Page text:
Historical romance author Joanna Shupe discusses productivity with speaker, coach, and best-selling author Allie Pleiter.
In this month's episode, host and historical romance author Joanna Shupe discusses productivity with speaker, coach, and best-selling author Allie Pleiter.
Allie talks about the Chunky Method and how it can help writers be “steadily productive.” Every writer has a “chunk”—or, in good circumstances, how many words they can get down before running out of juice. If you know your “chunk,” you can devise a writing schedule to be more productive and less stressed.
Brought to you by Romance Writers of America. Visit www.rwa.org for more resources.
JOANNA SHUPE: Hello and welcome to RWA University’s podcast on productivity—writing smarter, faster, better. In this podcast, we’re going to bring you tips from authors on how to improve the quality of your writing life and boost your productivity.
I’m historical romance author Joanna Shupe. My guest for this episode is Allie Pleiter, a speaker, coach, and best-selling author of over 40 books. Allie’s the author of The Chunky Method Handbook, Your Step-by-Step Plan to Write that Book—Even When Life Gets in the Way. Find out more about Allie at http://alliepleiter.com.
Allie, thank you so much for joining the podcast.
ALLIE PLEITER: Pleasure to be here.
SHUPE: Most writers I know don’t write as their full-time job, but it’s rather something we have to squeeze into our day—myself included. And that could be hard with all of the other responsibilities we have going on in our lives. So, tell us about your “chunky method” for productivity and how that can help authors.
PLEITER: Well, the chunky method was born out of needing to be steadily productive. I make my writing career in category romance, and so the expectation of a category romance author is often three or four books a year. So, it is my full-time job, but I also do a lot of speaking and, like you, I have most of my colleagues who do something else, so they’ve got to shoehorn it in to the other parts of their day. And I also started my writing career when my children were little, so I really needed to juggle multiple demands.
What I realized is the skills that I had for meeting deadlines when I was a professional in terms of grant writing actually applied to the creative writing process as well. And so what the system that I created really is close to—I have an engineering husband—and it’s quite close to what engineers think of a project management. And I think that I was surprised to discover that many of the tactics that work for project management do apply to the creative process, even though I thought they would sort of squelch the creativity. In fact, I’ve discovered just the opposite.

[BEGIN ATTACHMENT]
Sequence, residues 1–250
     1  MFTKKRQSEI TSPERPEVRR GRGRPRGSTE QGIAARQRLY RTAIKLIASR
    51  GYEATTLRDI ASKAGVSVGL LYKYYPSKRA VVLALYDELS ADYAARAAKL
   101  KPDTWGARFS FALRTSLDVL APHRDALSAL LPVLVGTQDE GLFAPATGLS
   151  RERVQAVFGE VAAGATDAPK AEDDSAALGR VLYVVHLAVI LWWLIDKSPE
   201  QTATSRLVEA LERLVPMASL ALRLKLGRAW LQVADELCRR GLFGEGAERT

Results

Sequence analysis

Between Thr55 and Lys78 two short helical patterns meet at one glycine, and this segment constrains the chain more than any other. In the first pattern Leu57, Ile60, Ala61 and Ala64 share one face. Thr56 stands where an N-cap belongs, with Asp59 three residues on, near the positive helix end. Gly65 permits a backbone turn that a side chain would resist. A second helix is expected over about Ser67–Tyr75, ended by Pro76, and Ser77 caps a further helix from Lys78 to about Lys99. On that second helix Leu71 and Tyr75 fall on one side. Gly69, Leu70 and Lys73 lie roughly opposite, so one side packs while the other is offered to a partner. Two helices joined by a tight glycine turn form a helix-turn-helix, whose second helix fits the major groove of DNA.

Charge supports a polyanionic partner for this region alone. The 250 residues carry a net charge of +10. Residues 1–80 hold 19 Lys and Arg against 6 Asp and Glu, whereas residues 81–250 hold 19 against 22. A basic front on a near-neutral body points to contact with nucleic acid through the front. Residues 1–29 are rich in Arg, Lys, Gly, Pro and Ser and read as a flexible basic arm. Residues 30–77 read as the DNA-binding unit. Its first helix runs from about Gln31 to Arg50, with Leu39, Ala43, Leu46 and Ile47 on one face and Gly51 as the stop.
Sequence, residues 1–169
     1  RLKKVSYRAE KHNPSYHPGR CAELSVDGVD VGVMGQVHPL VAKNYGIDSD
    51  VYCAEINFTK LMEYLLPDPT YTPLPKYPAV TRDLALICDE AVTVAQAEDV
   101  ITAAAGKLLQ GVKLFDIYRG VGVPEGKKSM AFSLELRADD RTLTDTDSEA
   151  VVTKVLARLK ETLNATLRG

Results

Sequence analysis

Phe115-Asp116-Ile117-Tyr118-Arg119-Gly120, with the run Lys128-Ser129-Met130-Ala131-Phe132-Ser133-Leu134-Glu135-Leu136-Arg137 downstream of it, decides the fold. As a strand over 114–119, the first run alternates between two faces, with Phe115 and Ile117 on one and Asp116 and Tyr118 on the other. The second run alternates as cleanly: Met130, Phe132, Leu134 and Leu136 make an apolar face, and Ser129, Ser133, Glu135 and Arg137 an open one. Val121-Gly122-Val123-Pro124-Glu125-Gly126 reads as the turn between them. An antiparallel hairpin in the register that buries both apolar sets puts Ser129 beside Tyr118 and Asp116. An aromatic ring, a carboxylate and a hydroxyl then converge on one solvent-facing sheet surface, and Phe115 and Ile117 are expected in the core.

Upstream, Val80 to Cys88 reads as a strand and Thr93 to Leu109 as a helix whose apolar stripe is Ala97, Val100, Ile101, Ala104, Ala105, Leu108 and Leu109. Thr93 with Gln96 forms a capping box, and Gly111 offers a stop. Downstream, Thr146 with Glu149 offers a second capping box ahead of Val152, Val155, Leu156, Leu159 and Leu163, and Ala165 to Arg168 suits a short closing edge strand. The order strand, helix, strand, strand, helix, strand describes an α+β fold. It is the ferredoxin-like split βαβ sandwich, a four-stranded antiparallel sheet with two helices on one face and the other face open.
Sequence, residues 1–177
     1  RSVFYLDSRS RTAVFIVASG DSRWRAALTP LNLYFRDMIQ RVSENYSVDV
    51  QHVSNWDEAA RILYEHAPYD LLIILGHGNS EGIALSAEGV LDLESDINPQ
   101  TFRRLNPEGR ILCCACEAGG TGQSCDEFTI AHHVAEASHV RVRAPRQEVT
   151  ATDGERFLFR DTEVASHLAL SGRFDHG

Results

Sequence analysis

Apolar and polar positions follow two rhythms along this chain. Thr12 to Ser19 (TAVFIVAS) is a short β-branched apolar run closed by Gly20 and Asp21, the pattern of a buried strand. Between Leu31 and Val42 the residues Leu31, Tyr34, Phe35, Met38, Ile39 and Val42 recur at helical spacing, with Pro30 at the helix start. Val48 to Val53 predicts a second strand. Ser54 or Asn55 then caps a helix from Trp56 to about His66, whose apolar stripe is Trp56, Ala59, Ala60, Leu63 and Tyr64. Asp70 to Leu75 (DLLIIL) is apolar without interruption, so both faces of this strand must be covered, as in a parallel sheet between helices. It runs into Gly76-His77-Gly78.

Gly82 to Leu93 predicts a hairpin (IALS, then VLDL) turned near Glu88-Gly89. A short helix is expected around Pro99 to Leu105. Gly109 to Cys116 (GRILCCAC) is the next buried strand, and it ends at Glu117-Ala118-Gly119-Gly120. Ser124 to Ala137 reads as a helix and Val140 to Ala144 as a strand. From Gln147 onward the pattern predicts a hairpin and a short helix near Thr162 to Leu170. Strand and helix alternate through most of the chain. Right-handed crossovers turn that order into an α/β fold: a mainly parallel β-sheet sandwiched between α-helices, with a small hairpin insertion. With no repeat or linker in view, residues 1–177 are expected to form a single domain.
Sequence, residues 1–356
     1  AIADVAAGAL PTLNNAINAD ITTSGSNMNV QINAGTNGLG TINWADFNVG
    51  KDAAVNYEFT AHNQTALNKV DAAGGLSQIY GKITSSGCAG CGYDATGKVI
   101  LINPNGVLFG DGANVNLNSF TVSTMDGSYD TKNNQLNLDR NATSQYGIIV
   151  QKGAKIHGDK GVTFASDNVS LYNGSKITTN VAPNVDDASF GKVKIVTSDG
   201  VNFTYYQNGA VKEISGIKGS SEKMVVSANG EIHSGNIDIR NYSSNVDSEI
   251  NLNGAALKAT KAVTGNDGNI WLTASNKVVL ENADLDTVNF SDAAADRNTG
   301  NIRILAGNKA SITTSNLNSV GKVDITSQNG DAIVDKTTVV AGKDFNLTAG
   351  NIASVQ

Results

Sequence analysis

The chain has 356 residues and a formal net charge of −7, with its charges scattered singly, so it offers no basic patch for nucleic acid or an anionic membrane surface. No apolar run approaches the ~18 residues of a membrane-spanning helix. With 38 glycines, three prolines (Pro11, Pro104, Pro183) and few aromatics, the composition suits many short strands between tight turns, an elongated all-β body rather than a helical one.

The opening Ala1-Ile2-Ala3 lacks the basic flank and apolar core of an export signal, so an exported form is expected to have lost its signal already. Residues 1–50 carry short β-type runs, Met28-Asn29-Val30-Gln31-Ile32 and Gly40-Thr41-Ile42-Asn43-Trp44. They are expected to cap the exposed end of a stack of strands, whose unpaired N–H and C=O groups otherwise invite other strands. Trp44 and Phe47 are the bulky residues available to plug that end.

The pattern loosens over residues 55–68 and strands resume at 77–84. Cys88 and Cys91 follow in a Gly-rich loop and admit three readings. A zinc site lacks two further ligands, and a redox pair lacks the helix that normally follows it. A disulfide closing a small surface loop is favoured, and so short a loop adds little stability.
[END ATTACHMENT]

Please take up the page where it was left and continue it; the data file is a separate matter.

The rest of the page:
SHUPE: And how has that fostered creativity?
PLEITER: Well, the basic idea behind the chunky method is that every writer has what I call a “chunk.” And that is, if I sat you down in what you would consider to be good circumstances and let you run without anybody interrupting you, how many words would you get down before you sort of ran out of juice. And, a lot of time, writers will get to the end of their chunk, and they think of that as writers block, when in fact it’s not. You’re just sort of at the end of your creative gas tank.
And once you figure out what your chunk is, then you can build a schedule based on that if you know, or can guess, the relative word count of what you’d like to finish. And build on that in a way that doesn’t ask you to write more than your creative gas tank is used to putting out. So you figure out what your chunk is, and there are ways to do that, and then build a schedule so that you’re never asking your creative self to go too much farther than what it’s used to.
And I’ve discovered that most writers, once they figure it out and start building that reasonable schedule for their own personal style and speed, get a lot more productive, feel a lot less stressed, they’re able to predict and choose deadlines that make a lot of sense for themselves, and also they’re able to up that chunk a little bit to write faster or to meet a particularly tight deadline. Basically, it’s a concept of building a schedule that isn’t going to make yourself write yourself into a scheduling corner.
SHUPE: So I feel like I do this because I try to write a thousand words a day, and I find that some days it’s 900. Some days it’s 1,100. But I’m not one of those writers where I can sit down and write 3,500 words in a day. I just don’t have that kind of time, first of all. And, second of all, yeah, I feel like I run out of steam right around 1,200 words.